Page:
In a recent Rugby Magazine poll of the nation's best high school rugby teams, five of the top 10 - and seven of the top 17 - were from Jesuit institutions in Sacramento, New York City, Dallas, New Orleans, and Washington.

Though Gonzaga of Washington was the top-rated team for much of 2011, this year's high school championship was won by Jesuit High of Sacramento over Xavier of New York, the latter a Jesuit school in Manhattan's Chelsea neighborhood.

The Sacramento school has long been the primary feeder for the dynastic rugby program at Cal, which has won 26 national collegiate rugby titles. Seven players on the U.S. national team - Ray Lehner, Kirk Khasigian, Chris Miller, Kort Schubert, Lou Stanfill, Eric Fry, and Colin Hawley - played at both Jesuit and Cal.

"Those [Jesuit] schools produce smart, tough players who are also good students," said Alex Goff, the editor of Rugby Magazine.

That rugby-Jesuit connection is evident locally, too, as St. Joe's Prep, rated 17th in that same poll, captured this year's Pennsylvania rugby title. Its program - like most, a club-level sport - was formed in 2005 by three teachers at the North Philadelphia school, all graduates of Jesuit universities.

Overall, there are 28 Jesuit colleges and universities in the United States. Most, like St. Joe's, Scranton, Georgetown, Santa Clara, and BC, have rugby teams. Almost all play at the club level since rugby is not an NCAA-approved varsity sport.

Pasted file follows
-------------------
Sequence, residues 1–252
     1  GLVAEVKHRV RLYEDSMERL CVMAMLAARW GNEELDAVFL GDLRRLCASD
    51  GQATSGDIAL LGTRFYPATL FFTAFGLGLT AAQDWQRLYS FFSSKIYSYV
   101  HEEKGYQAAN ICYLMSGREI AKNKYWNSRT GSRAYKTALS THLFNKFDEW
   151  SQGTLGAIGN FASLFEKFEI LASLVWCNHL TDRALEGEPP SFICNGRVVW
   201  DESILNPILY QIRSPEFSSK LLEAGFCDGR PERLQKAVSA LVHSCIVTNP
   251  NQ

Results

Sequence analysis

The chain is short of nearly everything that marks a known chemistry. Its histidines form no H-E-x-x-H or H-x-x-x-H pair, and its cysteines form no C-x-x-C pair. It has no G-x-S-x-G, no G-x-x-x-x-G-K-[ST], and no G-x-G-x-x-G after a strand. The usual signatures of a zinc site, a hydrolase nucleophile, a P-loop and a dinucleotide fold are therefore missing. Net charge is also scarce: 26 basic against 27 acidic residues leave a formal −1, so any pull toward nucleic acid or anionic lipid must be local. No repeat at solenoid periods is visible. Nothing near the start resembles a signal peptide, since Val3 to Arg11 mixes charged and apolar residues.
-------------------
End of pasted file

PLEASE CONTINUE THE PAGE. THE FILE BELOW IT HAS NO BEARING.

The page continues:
Bit of spunk
Jesuits, whose guiding philosophy about the union of body and spirit is the Catholic counterpart to the Protestant notion of "muscular Christianity," have long advocated for sports.

Most of their colleges are too small to compete effectively with the wealthier and more populous state schools in football, but they have a history of success in basketball and lacrosse. Rugby fits neatly into that tradition.

"I don't have any definitive answers [as to why the links between rugby and Jesuits are so strong]," said Colin Curtin, a BC star who played scholastically at St. Joe's Prep. "There doesn't seem to be any reason why there are such great rugby programs and rugby cultures at these schools. But there is. The correlation is unbelievable."